Ventura County Public Health tightens restrictions on Halloween celebrations in new guidance


Bags of Halloween candy line the shelfs in Oak Park, CA on Wednesday, Sept. 16. Photo credit: Ryan Bough

By Dominic D'Amico

On Wednesday, Sept. 16, Ventura County Public Health issued updated guidance for celebrating Halloween under the ongoing COVID-19 pandemic. The information from Ventura County Public Health reiterates that gatherings are not allowed under current California State Health Order and provides advice on how to safely celebrate this Halloween.

Directly addressing many prominent Halloween revelries, Ventura County Public Health made clear that carnivals, festivals, haunted houses and Halloween parties are not allowed.

Perhaps most disheartening for Halloween revelers, the guidance goes on to strongly discourage door-to-door trick-or-treating.

At first, door-to-door trick-or-treating was not to be permitted at all, according to the initial Sept. 14 press release and Ventura County Public Health Medical Director and Health Officer Robert Levin.

Then, at a Sept. 15 Ventura County Board of Supervisors meeting, Dr. Levin stated “…door to door trick or treating is not allowed, and it’s not allowed just because it can’t be done in a manner that is ensured to be safe…”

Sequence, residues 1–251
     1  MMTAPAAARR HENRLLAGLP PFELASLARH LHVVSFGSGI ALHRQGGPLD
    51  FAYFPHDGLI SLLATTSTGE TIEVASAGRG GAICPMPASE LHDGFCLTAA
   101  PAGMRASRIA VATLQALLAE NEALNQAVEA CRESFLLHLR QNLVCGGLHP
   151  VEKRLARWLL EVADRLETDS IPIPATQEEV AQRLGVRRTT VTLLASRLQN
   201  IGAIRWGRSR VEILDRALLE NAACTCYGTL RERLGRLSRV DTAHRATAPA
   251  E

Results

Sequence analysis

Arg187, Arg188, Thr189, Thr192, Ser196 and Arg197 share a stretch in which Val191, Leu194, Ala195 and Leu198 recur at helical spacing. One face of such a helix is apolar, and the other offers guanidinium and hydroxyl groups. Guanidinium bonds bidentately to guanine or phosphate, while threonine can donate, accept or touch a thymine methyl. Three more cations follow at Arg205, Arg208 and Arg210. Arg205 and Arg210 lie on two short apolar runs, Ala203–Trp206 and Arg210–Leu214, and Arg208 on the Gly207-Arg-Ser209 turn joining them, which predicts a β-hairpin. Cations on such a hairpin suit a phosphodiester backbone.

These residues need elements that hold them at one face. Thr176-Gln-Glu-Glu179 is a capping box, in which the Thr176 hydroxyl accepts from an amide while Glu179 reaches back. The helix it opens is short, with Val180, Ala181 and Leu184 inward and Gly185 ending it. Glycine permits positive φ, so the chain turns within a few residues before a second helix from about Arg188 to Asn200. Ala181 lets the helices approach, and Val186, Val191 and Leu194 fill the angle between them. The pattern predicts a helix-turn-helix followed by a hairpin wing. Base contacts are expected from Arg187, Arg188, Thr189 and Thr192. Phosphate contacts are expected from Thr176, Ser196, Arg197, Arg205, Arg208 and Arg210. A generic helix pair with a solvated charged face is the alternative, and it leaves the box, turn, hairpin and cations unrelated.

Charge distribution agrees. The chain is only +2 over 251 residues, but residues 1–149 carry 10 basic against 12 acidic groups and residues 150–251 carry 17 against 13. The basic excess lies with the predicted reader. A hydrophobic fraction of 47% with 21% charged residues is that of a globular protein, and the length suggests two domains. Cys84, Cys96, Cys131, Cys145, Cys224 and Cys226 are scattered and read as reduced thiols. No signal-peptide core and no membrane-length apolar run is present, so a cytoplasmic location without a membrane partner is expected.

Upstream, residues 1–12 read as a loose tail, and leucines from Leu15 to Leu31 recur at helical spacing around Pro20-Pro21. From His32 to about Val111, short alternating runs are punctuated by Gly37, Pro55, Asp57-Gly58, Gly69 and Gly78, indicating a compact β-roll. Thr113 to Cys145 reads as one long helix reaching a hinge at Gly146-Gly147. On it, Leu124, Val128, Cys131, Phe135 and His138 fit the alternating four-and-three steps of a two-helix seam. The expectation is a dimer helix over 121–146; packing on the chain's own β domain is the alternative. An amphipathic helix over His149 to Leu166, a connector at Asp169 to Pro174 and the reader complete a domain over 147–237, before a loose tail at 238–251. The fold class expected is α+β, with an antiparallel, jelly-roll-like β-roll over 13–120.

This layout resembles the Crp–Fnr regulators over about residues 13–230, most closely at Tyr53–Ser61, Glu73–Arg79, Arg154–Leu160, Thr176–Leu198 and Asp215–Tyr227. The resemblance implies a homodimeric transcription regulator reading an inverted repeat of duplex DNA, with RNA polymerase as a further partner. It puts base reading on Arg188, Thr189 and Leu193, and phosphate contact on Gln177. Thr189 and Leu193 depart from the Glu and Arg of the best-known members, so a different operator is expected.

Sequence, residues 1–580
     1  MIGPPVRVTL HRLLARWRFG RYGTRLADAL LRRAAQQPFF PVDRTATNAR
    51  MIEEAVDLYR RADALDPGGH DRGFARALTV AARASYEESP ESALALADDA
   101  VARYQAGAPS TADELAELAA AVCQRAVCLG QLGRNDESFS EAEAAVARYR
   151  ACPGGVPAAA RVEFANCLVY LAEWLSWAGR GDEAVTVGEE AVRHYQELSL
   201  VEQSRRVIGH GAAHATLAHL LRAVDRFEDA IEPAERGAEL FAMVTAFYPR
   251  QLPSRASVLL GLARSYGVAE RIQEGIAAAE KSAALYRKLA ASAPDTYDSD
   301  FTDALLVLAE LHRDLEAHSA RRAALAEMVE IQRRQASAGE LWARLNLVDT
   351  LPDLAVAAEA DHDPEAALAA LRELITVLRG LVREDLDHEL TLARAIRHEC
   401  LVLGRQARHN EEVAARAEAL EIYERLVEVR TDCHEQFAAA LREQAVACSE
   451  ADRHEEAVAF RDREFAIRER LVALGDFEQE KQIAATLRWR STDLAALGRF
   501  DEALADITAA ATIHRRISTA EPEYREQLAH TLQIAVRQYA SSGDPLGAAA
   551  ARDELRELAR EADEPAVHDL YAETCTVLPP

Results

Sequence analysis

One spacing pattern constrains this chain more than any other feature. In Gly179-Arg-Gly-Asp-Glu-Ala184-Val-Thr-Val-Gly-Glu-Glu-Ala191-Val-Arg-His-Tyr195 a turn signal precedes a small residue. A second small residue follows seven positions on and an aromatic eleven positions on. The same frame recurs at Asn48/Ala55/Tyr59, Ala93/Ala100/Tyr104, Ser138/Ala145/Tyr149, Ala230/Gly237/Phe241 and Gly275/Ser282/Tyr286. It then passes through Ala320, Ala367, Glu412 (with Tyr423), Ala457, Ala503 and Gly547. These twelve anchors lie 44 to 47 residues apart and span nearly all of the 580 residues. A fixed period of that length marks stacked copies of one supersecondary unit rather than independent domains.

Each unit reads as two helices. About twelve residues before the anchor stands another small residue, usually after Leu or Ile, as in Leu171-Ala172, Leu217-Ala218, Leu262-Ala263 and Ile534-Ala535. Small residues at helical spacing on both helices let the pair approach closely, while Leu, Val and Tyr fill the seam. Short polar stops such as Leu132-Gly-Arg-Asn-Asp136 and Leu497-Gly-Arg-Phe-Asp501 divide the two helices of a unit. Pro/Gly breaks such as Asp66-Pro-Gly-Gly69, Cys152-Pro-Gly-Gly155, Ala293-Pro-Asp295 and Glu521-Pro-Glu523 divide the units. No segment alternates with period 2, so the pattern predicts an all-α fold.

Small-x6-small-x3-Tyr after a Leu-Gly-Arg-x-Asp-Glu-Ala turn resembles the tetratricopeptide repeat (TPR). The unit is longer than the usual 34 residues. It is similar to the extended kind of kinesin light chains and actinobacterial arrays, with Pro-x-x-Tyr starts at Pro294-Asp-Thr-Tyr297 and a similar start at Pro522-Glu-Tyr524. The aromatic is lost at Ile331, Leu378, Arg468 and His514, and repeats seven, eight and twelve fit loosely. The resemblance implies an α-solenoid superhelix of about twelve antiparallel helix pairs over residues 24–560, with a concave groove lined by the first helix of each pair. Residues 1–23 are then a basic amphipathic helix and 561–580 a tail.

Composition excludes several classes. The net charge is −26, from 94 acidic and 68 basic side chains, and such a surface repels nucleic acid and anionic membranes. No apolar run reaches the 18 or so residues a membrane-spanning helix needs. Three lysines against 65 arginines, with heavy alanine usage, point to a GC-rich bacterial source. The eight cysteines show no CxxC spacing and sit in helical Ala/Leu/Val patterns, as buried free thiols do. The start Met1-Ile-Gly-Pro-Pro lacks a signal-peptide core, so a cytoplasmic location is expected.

However, the updated information sheet re-categorized the time-honored tradition from not permitted to not-recommended.

In its updated guidance, Ventura County Public Health reasoned people shouldn’t trick-or-treat because the public health practices necessary to contain COVID-19 don’t mesh well with the beloved tradition.

Ventura County Public Health counseled against the Halloween pastime, “…because it can be very difficult to maintain proper social distancing on porches and at front doors, ensure that everyone answering or coming to the door is appropriately masked to prevent disease spread, and because sharing food is risky.”

Inversely, Ventura County Public Health then went on to outline some acceptable alternatives to this year’s forbidden Halloween celebrations. Online parties or contests are okay, so are home and yard decorations. Halloween films at drive-in theaters, outdoor art installations and Halloween-themed restaurants are all fine as well, so long as they adhere to relevant public health protocols and guidance.

Finally, Ventura County Public Health ended with basic, general tips for staying safe from COVID-19, including wearing face masks, practicing social distancing and frequently washing one’s hands.

With COVID-19 tamping down on holiday celebrations for months now, Halloween is only the latest casualty. Ventura County Public Information Officer Ashley Bautista remarked that Ventura County’s COVID-19 case count is looking better, but reinforced that it’s too early to predict for the next round of holidays.

Bautista stated, “Our numbers are looking better. We must continue to work together to keep the numbers down so we can move forward on the State’s tiered system. It’s too soon to say what other holidays will look like but COVID certainly makes it different.”